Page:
The new stadium is scheduled to cost $1.02 billion, although that figure is subject to potential cost overruns. The stadium was initially budgeted at $987 million but inflation and some new estimations bumped it up $35 million. The 49ers will be responsible for any cost overruns. The breakdown of the stadium financing is as follows:

$450 million: Bank loan to the city's stadium authority
$400 million: Bank loan to the 49ers, who pass the loan on to the city's stadium authority
$150 million: 49ers' payments, mostly from luxury suite sales (much of which has already been sold)
$20 million: City's stadium authority payments, from existing stadium revenues

While the city of Santa Clara is taking out a significant loan, the 49ers will end up paying for much of the debt. The 49ers will use ticket sales (including personal seat licenses), naming rights and other sales to help cover the deal. Additionally, they will pay an annual rent of $30 million to Santa Clara, the Santa Clara Redevelopment Agency will chip in $40 million and a local hotel tax is expected to contribute $35 million. Finally, the NFL is expected to provide upwards of $150 million through the refurbished G-3 program in the new CBA.

The conservative time table has construction starting in early 2013 and the stadium opening in 2015. The 49ers and Santa Clara are optimistic they can get shovels in the ground earlier than that and have an accelerated timetable of shovels in the ground in mid-2012 with the stadium opening in 2014. Santa Clara will begin make-ready work in the area in January 2012, which will include redirecting utilities and clearing up the Great America amusement parking lot that will be part of the new stadium. After that, the next big date will be when shovels hit the ground for the stadium itself.

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49ers, Raiders Discuss Possibility Of Shared New Stadium

News out of the Bay Area today indicates the San Francisco 49ers and Oakland Raiders have begun meeting to discuss the possibility of sharing a new football stadium in the Bay Area. The 49ers have been working to finance and build a new stadium in Santa Clara while the Raiders have made it known they need a new stadium whether it be in Oakland or LA.

The biggest hurdle for any new professional sports stadium is the financing. During the economic boom of the late 90s and early '00s, companies, cities, counties, and states had little problem turning over huge sums of money to finance these monstrous cathedrals. However, since the economic downturn, financing stadiums has become a tricky issue. New football stadiums in Dallas and New Jersey have remained without naming rights and for California teams in particular, the state's economic struggles means there is little to no public money available.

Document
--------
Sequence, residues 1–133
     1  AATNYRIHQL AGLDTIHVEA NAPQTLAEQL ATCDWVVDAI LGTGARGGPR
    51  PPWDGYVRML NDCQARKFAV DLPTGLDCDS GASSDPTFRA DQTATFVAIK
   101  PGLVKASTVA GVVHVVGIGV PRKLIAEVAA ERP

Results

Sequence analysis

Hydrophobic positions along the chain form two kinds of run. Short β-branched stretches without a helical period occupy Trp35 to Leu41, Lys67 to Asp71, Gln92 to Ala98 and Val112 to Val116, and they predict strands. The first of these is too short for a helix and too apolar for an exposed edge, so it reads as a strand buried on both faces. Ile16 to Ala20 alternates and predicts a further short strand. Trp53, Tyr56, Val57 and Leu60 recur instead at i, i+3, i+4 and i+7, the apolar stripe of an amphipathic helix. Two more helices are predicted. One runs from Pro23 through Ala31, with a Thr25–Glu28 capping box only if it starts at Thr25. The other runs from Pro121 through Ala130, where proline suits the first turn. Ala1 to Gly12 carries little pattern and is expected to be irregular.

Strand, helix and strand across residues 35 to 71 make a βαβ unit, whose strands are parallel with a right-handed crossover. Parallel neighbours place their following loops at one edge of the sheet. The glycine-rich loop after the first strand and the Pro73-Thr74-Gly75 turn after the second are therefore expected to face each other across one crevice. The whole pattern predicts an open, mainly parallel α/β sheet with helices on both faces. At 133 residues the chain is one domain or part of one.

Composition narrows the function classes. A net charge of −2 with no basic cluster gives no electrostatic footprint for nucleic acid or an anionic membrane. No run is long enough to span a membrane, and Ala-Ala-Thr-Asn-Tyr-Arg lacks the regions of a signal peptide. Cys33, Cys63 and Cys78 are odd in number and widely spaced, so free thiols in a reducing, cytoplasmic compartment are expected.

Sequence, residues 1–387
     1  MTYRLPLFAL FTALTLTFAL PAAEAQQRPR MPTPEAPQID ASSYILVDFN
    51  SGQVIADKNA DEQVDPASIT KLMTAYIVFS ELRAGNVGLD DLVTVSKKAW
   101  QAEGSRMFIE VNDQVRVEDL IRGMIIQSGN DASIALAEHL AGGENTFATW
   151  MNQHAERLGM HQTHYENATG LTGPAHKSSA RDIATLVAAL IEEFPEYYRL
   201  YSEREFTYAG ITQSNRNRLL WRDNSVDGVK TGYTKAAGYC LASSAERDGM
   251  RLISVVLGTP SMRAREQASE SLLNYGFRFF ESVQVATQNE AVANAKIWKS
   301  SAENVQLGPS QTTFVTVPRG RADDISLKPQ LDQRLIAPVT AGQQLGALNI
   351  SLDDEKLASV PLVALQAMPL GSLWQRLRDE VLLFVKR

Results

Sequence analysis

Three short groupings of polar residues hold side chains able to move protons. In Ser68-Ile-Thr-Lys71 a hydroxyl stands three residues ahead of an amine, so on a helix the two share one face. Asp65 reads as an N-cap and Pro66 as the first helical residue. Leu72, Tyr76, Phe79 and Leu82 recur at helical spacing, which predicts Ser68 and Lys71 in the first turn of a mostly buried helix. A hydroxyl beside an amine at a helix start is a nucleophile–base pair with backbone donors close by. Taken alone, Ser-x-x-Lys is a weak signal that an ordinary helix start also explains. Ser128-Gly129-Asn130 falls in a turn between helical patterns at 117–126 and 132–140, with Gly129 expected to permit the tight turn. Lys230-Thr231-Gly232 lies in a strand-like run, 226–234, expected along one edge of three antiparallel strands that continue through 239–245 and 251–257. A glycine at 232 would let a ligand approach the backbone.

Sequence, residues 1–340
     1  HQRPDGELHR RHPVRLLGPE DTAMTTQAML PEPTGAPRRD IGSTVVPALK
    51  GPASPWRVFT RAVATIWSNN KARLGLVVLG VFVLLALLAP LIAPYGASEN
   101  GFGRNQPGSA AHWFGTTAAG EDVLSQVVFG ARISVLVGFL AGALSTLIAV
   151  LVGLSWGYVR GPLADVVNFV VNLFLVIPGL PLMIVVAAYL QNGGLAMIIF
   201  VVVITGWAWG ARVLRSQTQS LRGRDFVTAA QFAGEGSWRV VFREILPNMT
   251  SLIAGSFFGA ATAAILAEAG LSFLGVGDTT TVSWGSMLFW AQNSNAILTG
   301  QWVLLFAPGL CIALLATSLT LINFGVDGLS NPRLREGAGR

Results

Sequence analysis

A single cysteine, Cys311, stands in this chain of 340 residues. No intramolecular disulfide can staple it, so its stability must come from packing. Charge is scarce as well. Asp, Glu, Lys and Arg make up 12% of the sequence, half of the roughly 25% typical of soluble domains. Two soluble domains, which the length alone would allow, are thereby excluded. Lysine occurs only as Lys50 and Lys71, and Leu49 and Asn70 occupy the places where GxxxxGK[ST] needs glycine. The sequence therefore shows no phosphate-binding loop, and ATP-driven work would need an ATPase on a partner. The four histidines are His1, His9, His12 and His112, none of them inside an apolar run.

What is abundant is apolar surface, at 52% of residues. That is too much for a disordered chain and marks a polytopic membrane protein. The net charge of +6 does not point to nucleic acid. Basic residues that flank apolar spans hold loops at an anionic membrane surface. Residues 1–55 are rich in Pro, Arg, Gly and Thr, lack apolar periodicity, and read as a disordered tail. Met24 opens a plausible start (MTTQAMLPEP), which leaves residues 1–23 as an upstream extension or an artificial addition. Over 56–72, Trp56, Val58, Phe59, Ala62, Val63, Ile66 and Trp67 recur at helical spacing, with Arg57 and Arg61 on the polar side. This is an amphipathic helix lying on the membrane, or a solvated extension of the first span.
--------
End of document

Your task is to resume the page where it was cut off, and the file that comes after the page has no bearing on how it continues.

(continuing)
A potential 49ers-Raiders partnership would put both teams in a position to dramatically decrease their own stadium costs. A joint stadium might boost the cost a bit, but having double the season ticket revenue and double the luxury suite money would make a significant impact. Even more important, having double the football dates makes a potential stadium all the more attractive to sponsors, whether it be naming rights or signage in the stadium. All of these benefits make such a stadium that much easier to finance.

These discussions remain in a fairly preliminary stage. Roger Goodell is very much in favor of a shared stadium but a number of questions remain before any sort of deal could be reached. The most prominent would be the location of a stadium. The 49ers are attempting to build their stadium in Santa Clara while Al Davis has said the best site for a shared stadium would be at Oakland Coliseum location. Do they split the difference and head over to San Francisco?

The issues between Raiders fans and 49ers fans isn't much of a problem since they'd be using the stadium on separate days. However, one would imagine 49ers ownership would at least be a little bit wary of getting in bed with Al Davis ownership given the number of lawsuits he's filed over the years. During his time as owner, Al Davis has sued everybody from the league to the city of Oakland to the Oakland Athletics. Although this might give the 49ers pause, they do have an historical relationship dating back to when Edward Debartolo Sr. bought the team for his son. As 49ers owner Jed York pointed out:

"One of the things that I think a lot of people don't realize about the 49ers and the Raiders is that the person who brokered the deal when my grandfather bought the team was Mr. Davis," York said. "So it's not like there is any bad blood. You need to look at that. When you're talking about a billion-dollar investment, and there's not a lot of public money in California to build these stadiums, you need to look at those things and that's something that we've done."

Once a new CBA is worked out, any future deal could take a more concrete step forward with a new G3 fund. The lockout forced 49ers pushed back their opening date in Santa Clara to 2015 because of the need for G3 money. Now that the lockout appears close to being resolved, additional steps can be taken to develop any stadium plans. The question at this point is whether those plans will involve the Raiders or not.

As developments progress, check out SB Nation Bay Area's stadium stream for further updates. And since 49ers and Raiders fans can't get along, Silver and Black Pride and Niners Nation will each have their own updates on the stadium situation.